Government has outlined plans to overhaul savers’ access to pensions via a digital dashboard as it opened a consultation on new pension regulation today.
The consultation, led by Department for Work and Pensions (DWP), will gather views from across the industry from stakeholders including individual savers, pensions managers and fintech firms as it looks to modernise pension access.
DWP said that the introduction of a digital pensions dashboard would aim to simplify access to pensions and “revolutionise the way people interact with them”.
The draft legislation has proposed a ‘find and view’ approach to the dashboard in which savers can find what pensions savings they have racked up and any relevant information on them.
Large pension schemes will be the first to feed into the new digital dashboard with information between April 2023 and September 2024.
Romi Savova, boss of listed fintech firm PensionBee said a dashboard would be a boon to savers as they look to “take control of retirement savings”.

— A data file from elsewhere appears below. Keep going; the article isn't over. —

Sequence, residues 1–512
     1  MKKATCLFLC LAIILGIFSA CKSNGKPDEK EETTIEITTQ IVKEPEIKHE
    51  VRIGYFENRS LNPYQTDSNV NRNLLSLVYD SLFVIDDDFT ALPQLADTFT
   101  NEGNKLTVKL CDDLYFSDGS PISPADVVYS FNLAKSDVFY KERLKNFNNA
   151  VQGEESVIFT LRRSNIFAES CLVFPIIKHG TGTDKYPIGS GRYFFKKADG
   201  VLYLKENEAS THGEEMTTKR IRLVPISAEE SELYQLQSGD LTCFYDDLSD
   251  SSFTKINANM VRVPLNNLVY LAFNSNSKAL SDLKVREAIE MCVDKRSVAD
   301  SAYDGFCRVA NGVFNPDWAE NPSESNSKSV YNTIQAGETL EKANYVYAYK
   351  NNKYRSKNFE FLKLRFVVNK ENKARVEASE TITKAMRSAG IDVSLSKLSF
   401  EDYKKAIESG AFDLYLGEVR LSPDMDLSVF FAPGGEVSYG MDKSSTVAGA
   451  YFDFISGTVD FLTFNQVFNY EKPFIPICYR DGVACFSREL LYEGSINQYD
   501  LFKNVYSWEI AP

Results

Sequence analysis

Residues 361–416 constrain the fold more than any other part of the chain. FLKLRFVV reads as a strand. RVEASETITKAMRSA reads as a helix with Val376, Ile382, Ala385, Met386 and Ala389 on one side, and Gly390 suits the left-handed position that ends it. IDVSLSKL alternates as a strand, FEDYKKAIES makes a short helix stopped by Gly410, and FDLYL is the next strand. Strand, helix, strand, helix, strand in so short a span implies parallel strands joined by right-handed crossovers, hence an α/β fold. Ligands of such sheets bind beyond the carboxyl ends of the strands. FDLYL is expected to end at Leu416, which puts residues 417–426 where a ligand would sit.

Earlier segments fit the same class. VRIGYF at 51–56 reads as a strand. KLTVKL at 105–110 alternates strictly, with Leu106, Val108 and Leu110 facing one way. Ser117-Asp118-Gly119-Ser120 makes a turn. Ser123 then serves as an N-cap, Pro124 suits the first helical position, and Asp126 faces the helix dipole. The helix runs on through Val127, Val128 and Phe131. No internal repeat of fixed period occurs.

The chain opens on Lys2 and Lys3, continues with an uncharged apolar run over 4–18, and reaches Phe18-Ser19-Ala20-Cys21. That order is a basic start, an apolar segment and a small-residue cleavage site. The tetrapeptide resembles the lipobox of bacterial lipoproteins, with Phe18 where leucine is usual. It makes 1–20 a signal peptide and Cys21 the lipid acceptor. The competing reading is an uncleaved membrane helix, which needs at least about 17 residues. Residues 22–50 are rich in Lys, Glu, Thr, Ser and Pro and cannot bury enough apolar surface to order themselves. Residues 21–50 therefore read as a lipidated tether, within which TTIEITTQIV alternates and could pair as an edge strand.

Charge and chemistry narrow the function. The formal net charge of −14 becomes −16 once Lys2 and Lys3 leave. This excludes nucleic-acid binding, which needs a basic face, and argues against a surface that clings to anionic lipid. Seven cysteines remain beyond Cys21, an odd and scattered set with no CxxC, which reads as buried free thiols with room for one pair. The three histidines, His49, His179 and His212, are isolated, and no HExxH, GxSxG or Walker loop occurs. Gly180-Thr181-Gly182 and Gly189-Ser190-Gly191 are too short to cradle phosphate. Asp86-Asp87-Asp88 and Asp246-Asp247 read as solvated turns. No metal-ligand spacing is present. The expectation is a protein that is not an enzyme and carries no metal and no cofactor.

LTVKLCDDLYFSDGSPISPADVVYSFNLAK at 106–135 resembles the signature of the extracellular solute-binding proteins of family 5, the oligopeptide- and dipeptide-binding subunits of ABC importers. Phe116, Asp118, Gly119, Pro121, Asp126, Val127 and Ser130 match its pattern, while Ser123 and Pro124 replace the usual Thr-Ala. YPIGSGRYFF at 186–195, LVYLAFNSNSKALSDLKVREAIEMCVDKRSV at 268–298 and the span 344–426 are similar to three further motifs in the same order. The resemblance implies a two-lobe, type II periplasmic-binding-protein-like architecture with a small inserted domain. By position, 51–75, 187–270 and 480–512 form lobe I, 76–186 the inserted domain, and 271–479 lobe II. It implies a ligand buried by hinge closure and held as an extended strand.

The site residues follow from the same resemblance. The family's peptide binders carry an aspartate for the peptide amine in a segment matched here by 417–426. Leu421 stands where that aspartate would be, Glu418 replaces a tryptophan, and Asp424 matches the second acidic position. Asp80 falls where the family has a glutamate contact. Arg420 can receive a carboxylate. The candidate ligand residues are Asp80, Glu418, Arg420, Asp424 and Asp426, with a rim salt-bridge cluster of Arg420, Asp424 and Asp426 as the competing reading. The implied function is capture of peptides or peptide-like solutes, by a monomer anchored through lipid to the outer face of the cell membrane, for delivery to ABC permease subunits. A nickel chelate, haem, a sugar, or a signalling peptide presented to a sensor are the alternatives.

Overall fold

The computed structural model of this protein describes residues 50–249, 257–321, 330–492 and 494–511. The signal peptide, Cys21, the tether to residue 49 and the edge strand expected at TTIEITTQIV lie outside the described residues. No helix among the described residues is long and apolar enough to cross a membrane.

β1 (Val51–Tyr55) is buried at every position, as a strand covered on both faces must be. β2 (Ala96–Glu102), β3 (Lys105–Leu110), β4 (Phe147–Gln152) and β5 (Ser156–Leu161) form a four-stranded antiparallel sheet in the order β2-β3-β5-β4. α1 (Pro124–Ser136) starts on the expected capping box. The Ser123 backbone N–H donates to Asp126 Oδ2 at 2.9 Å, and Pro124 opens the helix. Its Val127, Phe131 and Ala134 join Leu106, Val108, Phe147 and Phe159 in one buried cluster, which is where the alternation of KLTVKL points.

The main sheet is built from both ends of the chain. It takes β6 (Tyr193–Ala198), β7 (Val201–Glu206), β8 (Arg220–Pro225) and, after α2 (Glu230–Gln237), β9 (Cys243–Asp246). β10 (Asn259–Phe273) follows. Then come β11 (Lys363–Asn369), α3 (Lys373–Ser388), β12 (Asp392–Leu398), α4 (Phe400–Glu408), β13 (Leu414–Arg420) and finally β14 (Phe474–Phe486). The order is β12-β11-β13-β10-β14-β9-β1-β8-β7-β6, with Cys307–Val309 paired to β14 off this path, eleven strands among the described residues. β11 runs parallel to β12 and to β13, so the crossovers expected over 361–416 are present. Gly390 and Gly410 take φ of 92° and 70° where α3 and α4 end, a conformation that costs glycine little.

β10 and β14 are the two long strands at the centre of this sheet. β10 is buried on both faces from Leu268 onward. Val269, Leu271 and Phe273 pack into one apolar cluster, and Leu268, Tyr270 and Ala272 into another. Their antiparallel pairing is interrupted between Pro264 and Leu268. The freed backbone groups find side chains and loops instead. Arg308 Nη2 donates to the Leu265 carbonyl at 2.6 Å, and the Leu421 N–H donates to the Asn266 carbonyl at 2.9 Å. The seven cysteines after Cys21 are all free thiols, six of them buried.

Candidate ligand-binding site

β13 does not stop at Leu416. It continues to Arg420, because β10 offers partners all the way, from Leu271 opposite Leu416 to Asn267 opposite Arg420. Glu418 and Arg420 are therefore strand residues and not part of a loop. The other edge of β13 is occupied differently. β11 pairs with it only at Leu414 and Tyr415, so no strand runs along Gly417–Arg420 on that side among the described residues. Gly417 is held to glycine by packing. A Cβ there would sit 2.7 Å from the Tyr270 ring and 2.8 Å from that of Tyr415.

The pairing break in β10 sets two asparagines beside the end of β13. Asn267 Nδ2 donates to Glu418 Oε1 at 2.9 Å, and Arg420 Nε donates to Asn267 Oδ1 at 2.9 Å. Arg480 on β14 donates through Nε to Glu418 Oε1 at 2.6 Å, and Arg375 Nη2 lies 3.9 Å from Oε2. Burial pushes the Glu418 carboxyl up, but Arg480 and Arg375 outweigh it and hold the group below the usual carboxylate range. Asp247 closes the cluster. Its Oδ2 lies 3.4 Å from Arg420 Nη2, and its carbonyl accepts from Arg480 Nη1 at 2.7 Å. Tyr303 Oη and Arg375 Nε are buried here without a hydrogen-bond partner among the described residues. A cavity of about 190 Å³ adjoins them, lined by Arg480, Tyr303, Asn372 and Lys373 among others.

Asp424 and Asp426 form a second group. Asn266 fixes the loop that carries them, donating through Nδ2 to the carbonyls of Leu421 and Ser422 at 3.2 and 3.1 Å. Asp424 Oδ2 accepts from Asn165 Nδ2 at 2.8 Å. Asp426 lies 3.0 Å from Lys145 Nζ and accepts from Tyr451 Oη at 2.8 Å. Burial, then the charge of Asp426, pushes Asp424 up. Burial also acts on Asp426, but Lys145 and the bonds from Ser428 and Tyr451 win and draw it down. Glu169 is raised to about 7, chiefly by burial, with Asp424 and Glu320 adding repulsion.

“Pension dashboards will make it substantially easier for consumers to find their lost pensions and the DWP rightly recognizes that dashboards will lead to a boom in pension consolidation, as consumers seek to take control of their retirement saving,” she said.
“Dashboards and enhanced pension data availability will enable greater innovation within fintech as our industry continues to make progress towards its critical mission of making financial products and services widely accessible for all in the UK.
But Ben Pollard, founder of pensions fintech firm Cushon said that while digitisation in pensions was much needed, government plans laid out in the consultation dragged on for too long.
“The pensions industry is long overdue a tech revolution. It has hugely lagged behind other areas of financial services in terms of innovation and this is hampering people’s ability to understand and engage with their pensions,” he said.
“However, the timeline for this change is still far too long. The industry needs to embrace tech to support savers now, for example by allowing people to check their pension – and any other savings offerings – via an app, and shouldn’t be waiting for legislation to come in.
“In order for the dashboard to be effective, it needs to include nudges and alerts, and include wider financial wellbeing guidance so people can think holistically about their financial situation.”